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Am I correct to say that this matrix $C$ cannot be found $$C\times\left(\begin{array}{cc} 9 & 1\\ 4 & 6\\ 3 & 4\end{array}\right) = \left(\begin{array}{cc}9&1\\4 & 6\\ 3&4\end{array}\right)$$

because the columns does not match the rows?

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en.wikipedia.org/wiki/… –  pedja Apr 28 '12 at 5:43
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In this case, C must be a 3x3 matrix.

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how does that work? 3X3 x2X3 != 2X3 –  Xabi Apr 28 '12 at 5:50
    
3x3 X 3x2 = 3x2 –  clookid Apr 28 '12 at 5:53
    
Try $C=I_3$ and multiplying it out for yourself. Not positive it's the only solution, but it should work. –  Mike Apr 28 '12 at 5:58
    
Oops! :/ Should have read that better –  Xabi Apr 28 '12 at 6:00
    
@Fatz: first the number of rows, then the number of columns. Your two matrices, other than $C$, are both $3\times 2$. –  Arturo Magidin Apr 28 '12 at 6:06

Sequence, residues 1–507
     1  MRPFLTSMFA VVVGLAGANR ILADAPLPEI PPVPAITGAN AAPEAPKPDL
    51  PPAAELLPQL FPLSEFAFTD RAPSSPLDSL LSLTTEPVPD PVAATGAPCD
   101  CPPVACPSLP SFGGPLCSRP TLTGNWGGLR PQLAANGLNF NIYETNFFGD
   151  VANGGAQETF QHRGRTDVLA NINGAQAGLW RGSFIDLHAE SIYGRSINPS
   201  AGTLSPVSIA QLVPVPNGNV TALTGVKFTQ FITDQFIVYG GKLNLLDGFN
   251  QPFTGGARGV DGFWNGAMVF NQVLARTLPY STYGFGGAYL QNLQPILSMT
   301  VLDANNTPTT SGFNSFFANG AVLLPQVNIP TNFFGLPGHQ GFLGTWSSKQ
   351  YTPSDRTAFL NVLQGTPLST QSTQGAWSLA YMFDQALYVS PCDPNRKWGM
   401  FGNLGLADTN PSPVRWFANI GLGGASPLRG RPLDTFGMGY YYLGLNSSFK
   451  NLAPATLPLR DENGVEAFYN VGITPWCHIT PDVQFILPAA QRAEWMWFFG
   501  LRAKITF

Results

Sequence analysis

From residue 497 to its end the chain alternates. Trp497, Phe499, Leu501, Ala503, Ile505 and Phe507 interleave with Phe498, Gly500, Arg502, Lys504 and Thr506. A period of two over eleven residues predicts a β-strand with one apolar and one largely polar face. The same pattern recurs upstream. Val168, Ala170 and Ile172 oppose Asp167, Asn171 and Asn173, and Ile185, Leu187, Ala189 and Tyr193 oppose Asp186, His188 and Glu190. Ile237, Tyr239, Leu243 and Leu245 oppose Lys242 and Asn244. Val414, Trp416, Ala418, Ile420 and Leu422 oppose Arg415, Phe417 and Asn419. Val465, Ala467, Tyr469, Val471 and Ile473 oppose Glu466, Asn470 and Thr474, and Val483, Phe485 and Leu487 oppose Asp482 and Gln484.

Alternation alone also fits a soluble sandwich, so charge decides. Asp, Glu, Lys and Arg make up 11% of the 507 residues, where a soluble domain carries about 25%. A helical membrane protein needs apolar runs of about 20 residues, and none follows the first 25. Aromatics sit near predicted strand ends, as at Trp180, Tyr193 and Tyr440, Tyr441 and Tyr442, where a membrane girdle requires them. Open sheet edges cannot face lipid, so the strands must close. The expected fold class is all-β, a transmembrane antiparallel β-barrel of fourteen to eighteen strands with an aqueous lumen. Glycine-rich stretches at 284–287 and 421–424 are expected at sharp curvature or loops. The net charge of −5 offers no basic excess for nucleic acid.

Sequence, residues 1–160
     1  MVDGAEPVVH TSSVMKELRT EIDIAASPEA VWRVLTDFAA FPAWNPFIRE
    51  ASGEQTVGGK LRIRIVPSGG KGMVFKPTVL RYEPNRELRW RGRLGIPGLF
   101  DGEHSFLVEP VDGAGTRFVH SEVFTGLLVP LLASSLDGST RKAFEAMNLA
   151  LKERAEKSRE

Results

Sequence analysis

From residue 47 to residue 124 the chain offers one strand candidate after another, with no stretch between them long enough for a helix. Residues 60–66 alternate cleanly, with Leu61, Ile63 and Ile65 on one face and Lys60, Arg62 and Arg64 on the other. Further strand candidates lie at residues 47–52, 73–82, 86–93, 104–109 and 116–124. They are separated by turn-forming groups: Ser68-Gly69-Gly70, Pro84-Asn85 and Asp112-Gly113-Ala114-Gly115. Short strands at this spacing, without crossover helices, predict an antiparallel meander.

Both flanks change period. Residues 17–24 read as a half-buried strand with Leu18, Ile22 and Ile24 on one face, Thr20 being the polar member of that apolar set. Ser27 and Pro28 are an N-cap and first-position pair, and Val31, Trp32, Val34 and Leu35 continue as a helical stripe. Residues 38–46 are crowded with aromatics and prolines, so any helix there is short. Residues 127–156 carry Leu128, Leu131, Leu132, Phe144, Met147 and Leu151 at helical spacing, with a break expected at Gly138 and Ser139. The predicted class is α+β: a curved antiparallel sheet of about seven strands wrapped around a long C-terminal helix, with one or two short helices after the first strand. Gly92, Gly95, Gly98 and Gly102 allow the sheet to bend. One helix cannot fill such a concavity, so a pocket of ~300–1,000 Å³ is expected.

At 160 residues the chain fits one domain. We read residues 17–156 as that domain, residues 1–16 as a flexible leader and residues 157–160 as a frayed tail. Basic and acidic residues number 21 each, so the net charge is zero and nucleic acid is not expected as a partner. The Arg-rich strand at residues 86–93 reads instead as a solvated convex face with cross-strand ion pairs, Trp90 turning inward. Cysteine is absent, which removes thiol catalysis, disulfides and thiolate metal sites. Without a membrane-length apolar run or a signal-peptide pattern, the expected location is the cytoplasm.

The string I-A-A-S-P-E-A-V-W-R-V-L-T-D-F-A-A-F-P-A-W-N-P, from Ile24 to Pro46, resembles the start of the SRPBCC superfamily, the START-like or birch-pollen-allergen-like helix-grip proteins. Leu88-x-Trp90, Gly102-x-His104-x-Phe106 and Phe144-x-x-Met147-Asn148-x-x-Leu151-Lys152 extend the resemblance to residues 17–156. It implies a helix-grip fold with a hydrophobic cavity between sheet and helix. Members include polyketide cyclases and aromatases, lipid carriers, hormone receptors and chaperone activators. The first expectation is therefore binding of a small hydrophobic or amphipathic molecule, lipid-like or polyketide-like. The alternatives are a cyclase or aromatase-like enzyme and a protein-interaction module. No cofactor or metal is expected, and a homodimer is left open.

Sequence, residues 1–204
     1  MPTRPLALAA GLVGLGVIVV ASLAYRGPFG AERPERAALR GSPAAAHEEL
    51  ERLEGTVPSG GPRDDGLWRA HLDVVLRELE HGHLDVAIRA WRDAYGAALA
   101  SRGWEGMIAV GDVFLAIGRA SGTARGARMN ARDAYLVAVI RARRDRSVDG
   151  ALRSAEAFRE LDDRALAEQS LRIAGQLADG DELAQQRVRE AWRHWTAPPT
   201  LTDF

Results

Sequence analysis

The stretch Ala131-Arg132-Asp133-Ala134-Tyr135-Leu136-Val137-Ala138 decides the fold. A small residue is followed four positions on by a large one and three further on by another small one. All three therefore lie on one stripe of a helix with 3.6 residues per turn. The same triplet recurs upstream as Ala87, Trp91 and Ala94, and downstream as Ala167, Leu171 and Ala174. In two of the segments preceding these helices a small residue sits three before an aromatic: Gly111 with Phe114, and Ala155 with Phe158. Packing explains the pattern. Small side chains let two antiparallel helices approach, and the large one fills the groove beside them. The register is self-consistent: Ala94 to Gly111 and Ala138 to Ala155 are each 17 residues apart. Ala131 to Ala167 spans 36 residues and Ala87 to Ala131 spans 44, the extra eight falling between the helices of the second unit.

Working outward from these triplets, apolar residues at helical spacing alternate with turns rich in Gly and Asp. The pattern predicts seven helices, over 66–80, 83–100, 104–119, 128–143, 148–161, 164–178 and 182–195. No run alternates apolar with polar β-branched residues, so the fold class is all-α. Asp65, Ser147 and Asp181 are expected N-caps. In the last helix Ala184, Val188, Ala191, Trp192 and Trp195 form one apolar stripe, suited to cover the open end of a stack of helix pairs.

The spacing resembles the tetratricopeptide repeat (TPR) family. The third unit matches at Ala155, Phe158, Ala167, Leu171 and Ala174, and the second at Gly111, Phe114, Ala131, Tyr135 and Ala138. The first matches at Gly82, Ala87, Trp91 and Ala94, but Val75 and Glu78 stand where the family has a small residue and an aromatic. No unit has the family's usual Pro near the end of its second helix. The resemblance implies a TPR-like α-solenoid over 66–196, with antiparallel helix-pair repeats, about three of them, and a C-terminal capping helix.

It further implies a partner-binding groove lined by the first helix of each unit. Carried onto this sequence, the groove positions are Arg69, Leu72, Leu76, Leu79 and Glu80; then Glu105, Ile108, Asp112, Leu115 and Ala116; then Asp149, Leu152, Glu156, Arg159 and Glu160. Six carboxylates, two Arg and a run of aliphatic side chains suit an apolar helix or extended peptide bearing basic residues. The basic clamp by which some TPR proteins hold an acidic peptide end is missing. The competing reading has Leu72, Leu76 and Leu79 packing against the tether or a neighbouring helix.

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No, you are not. $C=I_{3\times 3}$ where $I_{3\times 3}$ is the identity matrix works.

Note that your equation can be viewed as:

$$ Cv_1=v_1,\qquad Cv_2=v_2 $$ where $v_1=(9,4,3)^T$, $v_2=(1,6,4)^T$. This implies that $v_1$ and $v_2$ are eigenvectors with respect to the eigenvalue $\lambda = 1$ of $C$. (And thus $C$ is not unique.)

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